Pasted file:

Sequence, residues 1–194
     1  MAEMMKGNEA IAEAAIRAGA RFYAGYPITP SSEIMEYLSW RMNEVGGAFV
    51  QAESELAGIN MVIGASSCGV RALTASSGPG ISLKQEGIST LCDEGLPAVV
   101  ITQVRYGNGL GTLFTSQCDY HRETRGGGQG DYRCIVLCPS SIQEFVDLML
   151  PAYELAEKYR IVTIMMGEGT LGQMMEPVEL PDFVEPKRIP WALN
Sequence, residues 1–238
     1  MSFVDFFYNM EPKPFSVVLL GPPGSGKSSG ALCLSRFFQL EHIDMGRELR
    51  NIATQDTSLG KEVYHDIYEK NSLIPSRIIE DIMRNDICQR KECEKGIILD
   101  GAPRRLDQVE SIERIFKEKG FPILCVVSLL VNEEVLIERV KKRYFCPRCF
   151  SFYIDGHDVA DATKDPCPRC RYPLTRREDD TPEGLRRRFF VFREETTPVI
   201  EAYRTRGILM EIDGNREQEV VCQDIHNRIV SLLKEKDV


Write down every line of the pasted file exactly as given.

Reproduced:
Sequence, residues 1–194
     1  MAEMMKGNEA IAEAAIRAGA RFYAGYPITP SSEIMEYLSW RMNEVGGAFV
    51  QAESELAGIN MVIGASSCGV RALTASSGPG ISLKQEGIST LCDEGLPAVV
   101  ITQVRYGNGL GTLFTSQCDY HRETRGGGQG DYRCIVLCPS SIQEFVDLML
   151  PAYELAEKYR IVTIMMGEGT LGQMMEPVEL PDFVEPKRIP WALN
Sequence, residues 1–238
     1  MSFVDFFYNM EPKPFSVVLL GPPGSGKSSG ALCLSRFFQL EHIDMGRELR
    51  NIATQDTSLG KEVYHDIYEK NSLIPSRIIE DIMRNDICQR KECEKGIILD
   101  GAPRRLDQVE SIERIFKEKG FPILCVVSLL VNEEVLIERV KKRYFCPRCF
   151  SFYIDGHDVA DATKDPCPRC RYPLTRREDD TPEGLRRRFF VFREETTPVI
   201  EAYRTRGILM EIDGNREQEV VCQDIHNRIV SLLKEKDV